>> I worked on a legacy app which used proprietary flat files for 
>> persistence. It was a nightmare when I had to analyze what's in there.
>>
>> So no, I don't think I'm fully underestimating the power of the dark 
>> side :-) Sorry just couldn't resist - no harm meant there, I meant the 
>> power of the RDBMSes. I am open to the possibility that RDBMSes can be 
>> ever more used than I am currently using them, and are much more 
>> appropriate for some stuff I currently do in OO. But to accept this 
>> notion I would need more specific details on your preferred approaches.
>>
>>> Why not? Simply serializing/deserializing all objects
>>> (like smalltalk did - the "system image")
>>> to a file on secure media gives you perfect persistence.
>>> That you want more shows that you already are
>>> aware of some desiderata beyond just that.
>>
>>
>> Well to me, most of these other features are rather "persistence 
>> related".

>
>
> Sharing data can be persistence related.
> Naked persistence only gives you very clumsy ways of sharing.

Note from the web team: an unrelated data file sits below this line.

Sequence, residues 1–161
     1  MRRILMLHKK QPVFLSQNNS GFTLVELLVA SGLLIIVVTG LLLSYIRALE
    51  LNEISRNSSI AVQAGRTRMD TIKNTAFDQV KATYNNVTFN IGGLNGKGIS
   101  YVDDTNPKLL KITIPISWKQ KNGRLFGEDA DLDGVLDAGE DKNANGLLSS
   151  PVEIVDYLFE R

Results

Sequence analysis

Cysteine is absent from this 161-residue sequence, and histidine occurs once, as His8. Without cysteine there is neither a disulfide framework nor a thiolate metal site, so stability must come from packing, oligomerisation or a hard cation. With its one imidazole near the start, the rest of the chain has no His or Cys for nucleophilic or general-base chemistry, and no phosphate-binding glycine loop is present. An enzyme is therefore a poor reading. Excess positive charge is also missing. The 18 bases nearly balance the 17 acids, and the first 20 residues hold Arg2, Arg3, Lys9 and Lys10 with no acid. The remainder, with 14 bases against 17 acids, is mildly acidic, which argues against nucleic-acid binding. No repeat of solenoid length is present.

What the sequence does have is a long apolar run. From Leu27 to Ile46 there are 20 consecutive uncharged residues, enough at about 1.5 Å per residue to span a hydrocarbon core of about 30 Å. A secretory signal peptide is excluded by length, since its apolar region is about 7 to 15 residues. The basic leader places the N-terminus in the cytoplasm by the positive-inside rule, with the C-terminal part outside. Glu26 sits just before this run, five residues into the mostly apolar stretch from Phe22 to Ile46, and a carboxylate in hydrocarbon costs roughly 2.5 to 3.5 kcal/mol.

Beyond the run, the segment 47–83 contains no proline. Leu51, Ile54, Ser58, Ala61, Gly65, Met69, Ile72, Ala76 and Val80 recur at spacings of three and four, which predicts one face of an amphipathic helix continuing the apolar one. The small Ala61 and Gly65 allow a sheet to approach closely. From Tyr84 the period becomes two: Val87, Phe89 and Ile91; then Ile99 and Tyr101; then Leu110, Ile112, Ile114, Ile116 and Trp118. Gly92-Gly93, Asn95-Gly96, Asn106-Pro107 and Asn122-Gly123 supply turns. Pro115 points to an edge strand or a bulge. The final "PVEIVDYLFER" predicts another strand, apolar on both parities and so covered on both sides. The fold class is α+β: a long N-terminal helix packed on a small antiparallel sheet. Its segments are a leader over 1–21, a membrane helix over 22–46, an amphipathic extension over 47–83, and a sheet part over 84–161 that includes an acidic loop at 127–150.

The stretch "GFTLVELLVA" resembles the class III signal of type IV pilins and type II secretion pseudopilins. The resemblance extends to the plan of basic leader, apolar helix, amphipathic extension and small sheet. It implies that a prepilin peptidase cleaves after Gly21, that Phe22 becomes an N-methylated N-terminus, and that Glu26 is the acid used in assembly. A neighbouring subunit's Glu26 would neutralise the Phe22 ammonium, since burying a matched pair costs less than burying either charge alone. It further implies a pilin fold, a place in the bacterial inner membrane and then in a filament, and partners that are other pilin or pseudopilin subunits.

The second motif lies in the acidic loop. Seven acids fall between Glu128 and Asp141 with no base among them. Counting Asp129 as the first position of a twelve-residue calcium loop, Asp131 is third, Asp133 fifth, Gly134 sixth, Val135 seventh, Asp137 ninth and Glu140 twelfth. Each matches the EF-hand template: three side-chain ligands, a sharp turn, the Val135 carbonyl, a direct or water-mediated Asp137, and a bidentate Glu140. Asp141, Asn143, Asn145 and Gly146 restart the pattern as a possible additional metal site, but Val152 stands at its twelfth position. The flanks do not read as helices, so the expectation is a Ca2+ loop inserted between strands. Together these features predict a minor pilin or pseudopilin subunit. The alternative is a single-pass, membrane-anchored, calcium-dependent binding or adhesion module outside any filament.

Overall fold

>
> Please give some specifics regarding "these other features".

If I regard entire DBMS as a persistence than all of its features (querying, security, reliability etc.) are obviously persistence related.

>

>>>> Given the fact the DBMS can serve more apps (but actually even one 
>>>> can mean trouble if SQL code is spread around the app code), and 
>>>> given the fact that one app might want to switch DBMSes I think it 
>>>> would be smart to decouple both as much as possible, which to me 
>>>> means no client code in DBMS, and very localized DBMS specific 
>>>> statements in client code. Now 
>>>
>>>
>>>
>>> "no client code in DBMS" - could you give an example of what you'ld 
>>> consider typical client code?
>>
>>
>>
>> As can be seen from my other posts, I write my domain logic (the core 
>> business data and behavior) in OO and use RDBMS for persistence. 

>
>
> Don't. If persistence is all you need, a DBMS is
> terrible overkill. How do you justify the additional